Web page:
2. Both of these alleged limitations are to strict in terms of actual patterns of practice re: targeting NSAs who are engaged in ongoing processes of armed attacks emanating from another state and in terms of general patterns of opinio juris. As you point out, “necessity” is most relevant to claims to engage in “anticipatory self-defense” before an armed attack or series of armed attacks is underway. Once there is an armed attack or series of armed attacks, necessity will most likely be met (re: practice and opinio). Proportionality is a different matter, as you point out.
    However, it would seem to be generally accepted practice to target the NSAs who are directly participating in the armed attacks (and who are, therefore, targetable DPAAs — see and )wherever they are located.

  3. Thanks for that comprehensive post . The author of the post insists on the obligation of the state attacking, to obtain first the consent or the cooperation , of the lets say: ” disintegrated state “, like Syria.

    Yet , the respectable author, doesn’t deal with simple issue :

    Why would Syria for example , being able , Prima facie , to do for the US for example , what it can’t do , prima facie for itself ? for its own survival !! Syria by itself, fights Daesh , for example, surely, not with very impressive success ( in understatement ) .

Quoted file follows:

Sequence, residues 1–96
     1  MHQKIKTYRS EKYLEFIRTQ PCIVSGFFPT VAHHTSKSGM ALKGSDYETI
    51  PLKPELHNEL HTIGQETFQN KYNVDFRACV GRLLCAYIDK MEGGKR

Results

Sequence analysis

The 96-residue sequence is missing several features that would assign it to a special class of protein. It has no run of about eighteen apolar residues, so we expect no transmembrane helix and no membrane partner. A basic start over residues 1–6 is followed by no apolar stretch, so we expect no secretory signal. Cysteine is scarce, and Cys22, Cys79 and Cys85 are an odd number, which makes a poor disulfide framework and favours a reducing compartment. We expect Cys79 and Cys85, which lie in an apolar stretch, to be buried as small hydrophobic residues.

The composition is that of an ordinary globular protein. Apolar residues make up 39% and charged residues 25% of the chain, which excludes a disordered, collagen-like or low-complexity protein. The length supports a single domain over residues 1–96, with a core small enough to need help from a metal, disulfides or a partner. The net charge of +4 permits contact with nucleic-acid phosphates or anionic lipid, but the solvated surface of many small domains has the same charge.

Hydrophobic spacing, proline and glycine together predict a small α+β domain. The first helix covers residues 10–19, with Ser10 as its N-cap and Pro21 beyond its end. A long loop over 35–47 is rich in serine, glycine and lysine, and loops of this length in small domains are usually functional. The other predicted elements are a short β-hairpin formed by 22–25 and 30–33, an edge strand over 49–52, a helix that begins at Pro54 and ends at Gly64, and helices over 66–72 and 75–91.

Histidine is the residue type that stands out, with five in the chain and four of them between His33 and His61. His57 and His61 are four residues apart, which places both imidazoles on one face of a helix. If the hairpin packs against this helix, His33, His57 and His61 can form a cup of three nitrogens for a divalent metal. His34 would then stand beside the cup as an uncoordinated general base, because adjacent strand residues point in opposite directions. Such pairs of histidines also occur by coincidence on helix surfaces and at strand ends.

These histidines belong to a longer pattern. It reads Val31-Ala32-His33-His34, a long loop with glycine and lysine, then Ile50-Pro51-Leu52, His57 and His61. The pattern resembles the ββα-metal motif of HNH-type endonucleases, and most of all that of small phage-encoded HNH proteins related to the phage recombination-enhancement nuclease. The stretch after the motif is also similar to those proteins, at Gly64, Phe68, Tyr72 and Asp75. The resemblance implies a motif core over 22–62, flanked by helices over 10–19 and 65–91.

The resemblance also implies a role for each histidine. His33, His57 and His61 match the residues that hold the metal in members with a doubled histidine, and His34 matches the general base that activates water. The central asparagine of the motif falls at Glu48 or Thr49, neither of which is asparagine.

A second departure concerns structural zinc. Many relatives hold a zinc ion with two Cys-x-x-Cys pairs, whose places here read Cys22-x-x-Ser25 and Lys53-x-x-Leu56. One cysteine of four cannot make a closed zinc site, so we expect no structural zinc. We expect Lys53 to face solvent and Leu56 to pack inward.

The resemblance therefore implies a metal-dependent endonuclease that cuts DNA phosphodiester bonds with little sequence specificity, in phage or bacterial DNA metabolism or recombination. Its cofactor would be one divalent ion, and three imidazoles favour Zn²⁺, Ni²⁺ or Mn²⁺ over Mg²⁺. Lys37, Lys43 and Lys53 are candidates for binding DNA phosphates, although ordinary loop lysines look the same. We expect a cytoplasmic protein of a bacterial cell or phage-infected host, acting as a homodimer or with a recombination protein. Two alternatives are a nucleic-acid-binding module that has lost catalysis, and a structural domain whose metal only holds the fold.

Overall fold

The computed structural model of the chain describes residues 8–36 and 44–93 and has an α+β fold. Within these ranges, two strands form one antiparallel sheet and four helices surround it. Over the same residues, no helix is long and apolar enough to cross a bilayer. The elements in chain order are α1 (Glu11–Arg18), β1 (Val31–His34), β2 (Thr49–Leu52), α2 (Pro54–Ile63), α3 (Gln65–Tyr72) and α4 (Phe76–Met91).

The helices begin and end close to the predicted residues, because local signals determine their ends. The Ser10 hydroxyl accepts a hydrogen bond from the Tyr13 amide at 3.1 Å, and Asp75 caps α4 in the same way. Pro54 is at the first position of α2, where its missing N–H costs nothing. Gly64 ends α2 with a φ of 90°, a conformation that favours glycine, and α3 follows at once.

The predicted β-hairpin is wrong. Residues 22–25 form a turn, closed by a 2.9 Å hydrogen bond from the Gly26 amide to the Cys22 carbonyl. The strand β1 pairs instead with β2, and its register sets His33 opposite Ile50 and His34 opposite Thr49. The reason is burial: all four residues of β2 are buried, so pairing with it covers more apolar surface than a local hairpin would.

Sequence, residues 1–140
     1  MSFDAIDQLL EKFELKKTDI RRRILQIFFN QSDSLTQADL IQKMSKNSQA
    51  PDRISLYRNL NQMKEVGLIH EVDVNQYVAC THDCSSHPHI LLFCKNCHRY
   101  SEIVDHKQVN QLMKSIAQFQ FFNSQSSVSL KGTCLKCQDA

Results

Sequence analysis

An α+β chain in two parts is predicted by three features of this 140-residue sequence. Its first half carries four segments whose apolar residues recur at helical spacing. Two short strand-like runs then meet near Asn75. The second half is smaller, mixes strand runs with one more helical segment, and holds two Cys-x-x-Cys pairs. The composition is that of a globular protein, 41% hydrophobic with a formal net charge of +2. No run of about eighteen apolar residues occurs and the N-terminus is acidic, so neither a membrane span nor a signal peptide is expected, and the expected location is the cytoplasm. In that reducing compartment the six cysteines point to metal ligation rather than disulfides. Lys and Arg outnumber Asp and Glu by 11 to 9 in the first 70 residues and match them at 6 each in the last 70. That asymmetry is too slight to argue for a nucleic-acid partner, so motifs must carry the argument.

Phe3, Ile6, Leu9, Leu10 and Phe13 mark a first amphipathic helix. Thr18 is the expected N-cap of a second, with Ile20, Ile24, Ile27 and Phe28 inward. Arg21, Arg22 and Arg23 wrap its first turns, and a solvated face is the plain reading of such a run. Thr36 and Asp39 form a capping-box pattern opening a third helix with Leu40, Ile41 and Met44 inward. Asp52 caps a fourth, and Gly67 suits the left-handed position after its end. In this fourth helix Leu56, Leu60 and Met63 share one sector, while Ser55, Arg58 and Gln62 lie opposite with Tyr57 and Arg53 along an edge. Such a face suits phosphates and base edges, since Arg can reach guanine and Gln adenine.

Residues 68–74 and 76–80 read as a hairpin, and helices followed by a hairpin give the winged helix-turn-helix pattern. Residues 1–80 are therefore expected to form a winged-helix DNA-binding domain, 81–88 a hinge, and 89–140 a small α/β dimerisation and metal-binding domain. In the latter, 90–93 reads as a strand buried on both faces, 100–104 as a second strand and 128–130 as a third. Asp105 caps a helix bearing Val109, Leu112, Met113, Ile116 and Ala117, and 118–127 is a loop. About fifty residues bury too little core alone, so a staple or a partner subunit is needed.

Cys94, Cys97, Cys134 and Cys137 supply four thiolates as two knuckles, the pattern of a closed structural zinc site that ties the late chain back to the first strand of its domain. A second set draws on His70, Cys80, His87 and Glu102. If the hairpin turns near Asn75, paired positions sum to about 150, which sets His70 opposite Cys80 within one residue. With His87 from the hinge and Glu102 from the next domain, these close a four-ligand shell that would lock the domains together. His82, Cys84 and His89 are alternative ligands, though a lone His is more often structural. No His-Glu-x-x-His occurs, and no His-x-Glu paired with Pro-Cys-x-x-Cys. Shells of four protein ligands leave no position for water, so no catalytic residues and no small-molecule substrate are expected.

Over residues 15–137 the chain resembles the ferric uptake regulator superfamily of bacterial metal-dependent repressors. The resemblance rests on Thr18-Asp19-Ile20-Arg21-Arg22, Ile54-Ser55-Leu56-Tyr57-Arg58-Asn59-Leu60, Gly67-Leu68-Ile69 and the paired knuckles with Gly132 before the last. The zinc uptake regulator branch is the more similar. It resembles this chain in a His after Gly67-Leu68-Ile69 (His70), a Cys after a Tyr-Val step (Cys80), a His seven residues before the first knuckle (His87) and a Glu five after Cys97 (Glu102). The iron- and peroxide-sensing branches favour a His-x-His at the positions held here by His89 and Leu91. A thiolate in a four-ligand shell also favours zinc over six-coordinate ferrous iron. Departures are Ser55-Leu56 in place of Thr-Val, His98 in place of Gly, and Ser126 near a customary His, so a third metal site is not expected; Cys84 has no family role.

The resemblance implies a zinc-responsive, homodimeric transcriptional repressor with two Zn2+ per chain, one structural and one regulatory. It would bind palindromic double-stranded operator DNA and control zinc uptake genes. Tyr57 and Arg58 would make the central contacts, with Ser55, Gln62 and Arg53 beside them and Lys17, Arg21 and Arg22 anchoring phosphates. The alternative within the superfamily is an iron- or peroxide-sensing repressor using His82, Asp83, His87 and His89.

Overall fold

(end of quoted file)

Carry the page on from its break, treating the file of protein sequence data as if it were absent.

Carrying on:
Also to notice :

    Suppose that a request for consent is delivered, wouldn’t it mean, that, the state attacking, is recognizing the sovereignty and full integrity of the ” disintegrated state “?? if so , then , a decline , is obliging !! And why to do that , while prima facie the ” disintegrated state ” is not competent , for its own survival ??

    I think ignoring such questions , may not contribute for better just practicality in this regard .


  4. While a state has an inherent right of self-defence when an armed attack occurs, the most part of the scholars is moving from a position strictly connected to the prescriptions of the Charter to another questing a more realistic vision of today’s menaces. Assuming there must be some degree of imminence, disagreement remains on what imminence is. Accordingly, the core question on how distinguishing aggression from self-defence remains, while the disagreement favours unilateralist approaches which are usually perceived as attempts to twist a set of rules created by the community into a system prone to the pure egoistic interest of the power involved.